how to clean tiles after construction

Down to the grout! How to professionally clean your tiles after a renovation

One of the most popular items in a home people upgrade is flooring. Today’s homes are full of tile and wooden floors and carpeting are used mostly in bedrooms. Replacing tile in the bathroom, both on the floor and the shower/tub area is a recommended step to update a bath.

But with new tile comes grout. And with grout often comes a mess aftermath, leaving what is often referred to as “white haze,” behind.

Where Does White Haze Come From?

how to clean tiles
According to The Spruce, white haze (or grout haze) is “a byproduct of installing tile and is grout that has filmed over the surface of the tile upon installation and the drying process.” Because tile grout is made of cement and minerals mixed with water, once that water dries, minerals remain on the surface of your newly installed tile.

You can’t just wipe off white haze with water and it can’t be tackled until the grout is dry. So how do you clean your tiles after a renovation?

Prepare for the Cleaning

cleaning bucket
Here are simple steps for cleaning your tiles after installation. Keep in mind that grout haze may not appear for up to ten days after an installation.

  • Make sure grout is fully hardened. Read the directions on the grout package to determine how long the grout will dry as some manufacturers recommend different drying times.
  • Do not wait longer than ten days to attempt to remove the haze.
  • Turn to the grout package again to find out if the grout you applied is epoxy-based. If it is, the white haze will be harder to remove and you may have to also buy grout cleaner. This cleaner can be purchased a hardware store. Make sure you’re buying a grout haze remover. You don’t want grout sealer or grout cleaner—these are different products.
  • Find out what material your tile is made from. According to Bob Vila, “ceramic and porcelain tiles can be exposed to acidic cleaners like vinegar, but porous stone and slate tiles should not.” The type of tile will make a difference in what kind of grout cleaner you purchase. Again, check with the manufacturer first so you don’t buy the wrong type.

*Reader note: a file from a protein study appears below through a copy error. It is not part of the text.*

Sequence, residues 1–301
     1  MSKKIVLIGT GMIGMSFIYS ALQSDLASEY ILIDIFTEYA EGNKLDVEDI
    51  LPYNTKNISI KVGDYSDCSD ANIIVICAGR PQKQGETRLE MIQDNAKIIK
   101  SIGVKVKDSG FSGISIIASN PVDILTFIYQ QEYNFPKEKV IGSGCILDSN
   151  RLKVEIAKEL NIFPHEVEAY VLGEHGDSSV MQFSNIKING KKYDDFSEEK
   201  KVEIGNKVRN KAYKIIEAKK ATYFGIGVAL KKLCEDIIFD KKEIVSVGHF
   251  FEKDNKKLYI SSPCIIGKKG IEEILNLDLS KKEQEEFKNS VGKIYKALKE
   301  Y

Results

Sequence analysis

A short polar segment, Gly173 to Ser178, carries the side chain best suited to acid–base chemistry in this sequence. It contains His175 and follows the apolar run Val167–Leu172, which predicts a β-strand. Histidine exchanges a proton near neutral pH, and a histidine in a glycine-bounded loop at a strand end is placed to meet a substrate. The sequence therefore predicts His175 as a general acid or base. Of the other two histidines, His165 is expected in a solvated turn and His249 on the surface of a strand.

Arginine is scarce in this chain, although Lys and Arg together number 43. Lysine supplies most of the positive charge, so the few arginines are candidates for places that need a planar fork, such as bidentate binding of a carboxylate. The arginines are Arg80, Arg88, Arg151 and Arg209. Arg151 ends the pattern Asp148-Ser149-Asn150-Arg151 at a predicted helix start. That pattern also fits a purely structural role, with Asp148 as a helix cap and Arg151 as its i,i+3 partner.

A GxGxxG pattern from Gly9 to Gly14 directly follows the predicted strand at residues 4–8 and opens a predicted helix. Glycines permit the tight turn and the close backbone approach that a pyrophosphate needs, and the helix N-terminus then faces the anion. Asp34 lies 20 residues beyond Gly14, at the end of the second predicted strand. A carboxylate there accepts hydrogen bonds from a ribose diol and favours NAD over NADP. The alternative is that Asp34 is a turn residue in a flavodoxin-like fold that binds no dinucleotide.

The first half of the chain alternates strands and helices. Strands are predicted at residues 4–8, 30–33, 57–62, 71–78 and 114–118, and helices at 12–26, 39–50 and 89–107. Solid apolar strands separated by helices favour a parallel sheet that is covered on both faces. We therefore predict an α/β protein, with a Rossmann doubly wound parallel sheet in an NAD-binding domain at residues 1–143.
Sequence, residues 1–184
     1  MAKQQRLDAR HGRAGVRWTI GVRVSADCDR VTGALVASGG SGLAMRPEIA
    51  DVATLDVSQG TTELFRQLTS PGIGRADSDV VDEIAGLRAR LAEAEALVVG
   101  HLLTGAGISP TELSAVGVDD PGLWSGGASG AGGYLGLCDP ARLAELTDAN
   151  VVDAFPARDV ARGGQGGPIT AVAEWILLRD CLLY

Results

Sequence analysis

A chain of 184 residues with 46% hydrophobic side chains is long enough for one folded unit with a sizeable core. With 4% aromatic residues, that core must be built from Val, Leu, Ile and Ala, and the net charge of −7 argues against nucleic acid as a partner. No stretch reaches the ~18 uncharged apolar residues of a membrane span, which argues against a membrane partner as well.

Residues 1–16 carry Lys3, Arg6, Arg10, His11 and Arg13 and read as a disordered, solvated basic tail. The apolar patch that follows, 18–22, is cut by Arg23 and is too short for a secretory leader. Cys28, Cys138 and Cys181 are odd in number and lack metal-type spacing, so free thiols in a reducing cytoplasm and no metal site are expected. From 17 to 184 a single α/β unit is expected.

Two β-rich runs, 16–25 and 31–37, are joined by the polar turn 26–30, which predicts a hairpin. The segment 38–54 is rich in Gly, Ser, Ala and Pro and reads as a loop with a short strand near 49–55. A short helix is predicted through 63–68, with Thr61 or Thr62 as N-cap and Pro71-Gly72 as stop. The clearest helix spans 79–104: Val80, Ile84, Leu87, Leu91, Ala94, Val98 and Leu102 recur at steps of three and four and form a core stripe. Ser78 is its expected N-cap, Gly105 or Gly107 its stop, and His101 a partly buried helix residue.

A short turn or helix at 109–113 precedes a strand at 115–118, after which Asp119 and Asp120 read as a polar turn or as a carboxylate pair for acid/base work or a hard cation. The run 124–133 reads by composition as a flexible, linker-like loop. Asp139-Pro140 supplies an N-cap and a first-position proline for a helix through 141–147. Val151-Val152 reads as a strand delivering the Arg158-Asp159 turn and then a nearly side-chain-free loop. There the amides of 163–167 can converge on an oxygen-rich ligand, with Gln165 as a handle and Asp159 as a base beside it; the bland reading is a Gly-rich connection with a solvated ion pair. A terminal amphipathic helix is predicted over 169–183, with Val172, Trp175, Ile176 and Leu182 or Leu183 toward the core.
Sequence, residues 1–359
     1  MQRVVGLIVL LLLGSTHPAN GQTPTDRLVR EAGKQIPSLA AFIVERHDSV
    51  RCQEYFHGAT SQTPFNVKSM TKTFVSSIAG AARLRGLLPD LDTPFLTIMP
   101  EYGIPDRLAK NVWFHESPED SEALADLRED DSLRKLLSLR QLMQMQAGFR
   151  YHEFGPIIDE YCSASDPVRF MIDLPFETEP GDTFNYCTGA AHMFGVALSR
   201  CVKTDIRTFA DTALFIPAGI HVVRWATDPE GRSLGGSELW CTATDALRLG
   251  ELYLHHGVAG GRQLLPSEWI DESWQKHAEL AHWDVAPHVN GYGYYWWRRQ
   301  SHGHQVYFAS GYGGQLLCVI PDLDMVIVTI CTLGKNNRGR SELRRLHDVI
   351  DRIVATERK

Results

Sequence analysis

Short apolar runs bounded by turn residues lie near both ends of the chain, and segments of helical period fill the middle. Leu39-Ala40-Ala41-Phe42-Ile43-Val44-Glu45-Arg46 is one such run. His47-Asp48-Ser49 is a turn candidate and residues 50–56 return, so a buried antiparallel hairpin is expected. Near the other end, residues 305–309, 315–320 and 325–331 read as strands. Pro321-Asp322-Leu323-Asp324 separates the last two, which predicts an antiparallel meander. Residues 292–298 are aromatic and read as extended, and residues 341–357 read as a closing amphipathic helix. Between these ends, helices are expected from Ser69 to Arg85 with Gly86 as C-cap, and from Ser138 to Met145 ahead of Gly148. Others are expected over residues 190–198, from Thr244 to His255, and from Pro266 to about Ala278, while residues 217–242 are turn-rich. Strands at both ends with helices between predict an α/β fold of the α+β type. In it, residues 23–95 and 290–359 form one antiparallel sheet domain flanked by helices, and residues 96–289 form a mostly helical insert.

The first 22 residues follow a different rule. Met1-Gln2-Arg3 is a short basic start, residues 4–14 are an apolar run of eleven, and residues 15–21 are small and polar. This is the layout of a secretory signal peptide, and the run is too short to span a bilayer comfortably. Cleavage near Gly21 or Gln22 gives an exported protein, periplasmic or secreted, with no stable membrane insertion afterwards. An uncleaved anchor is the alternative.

• Buy a grout sponge. This has a metal handle with sponge attached.
  • Buy a grout float. These are rubber so ask at the hardware store if you need help finding one.
  • Buy a large and sturdy sponge.

Steps to Remove White Haze

wiping away dirty tiles
Follow these steps to clean, shiny tile:

  • First, try removing the grout haze with your grout sponge and water.
  • If that doesn’t work, while still wet, get your grout float and slide over the area. This can help push the grout haze into the spaces between the tiles. Repeat this step until the haze is removed.
  • Buff the area with cheesecloth until fully dry and inspect for any extra white haze. If you see some, you can repeat the process, but you may need to use grout haze cleaner. Most manufacturers will recommend three ounces of grout haze cleaner per one gallon of lukewarm water. You may need to change the product if it becomes too murky.
  • Read the directions on your grout haze cleaner for mixing. Using the large sponge, clean the tile much like you would mop a floor. Continue cleaning with the professional grout haze cleaner and dry until the tile is void of any white haze.

An Organic Method

If you want to try and use something “green” to clean your grout haze after you’ve remodeled your bathroom, there is a simple, organic method to try.

  • Mix a solution of ½ Cup ammonia, ½ Cup white vinegar, one Cup baking soda and two quarts of water.
  • Using a large sponge wipe much like you would with a grout haze cleaner to remove the haze.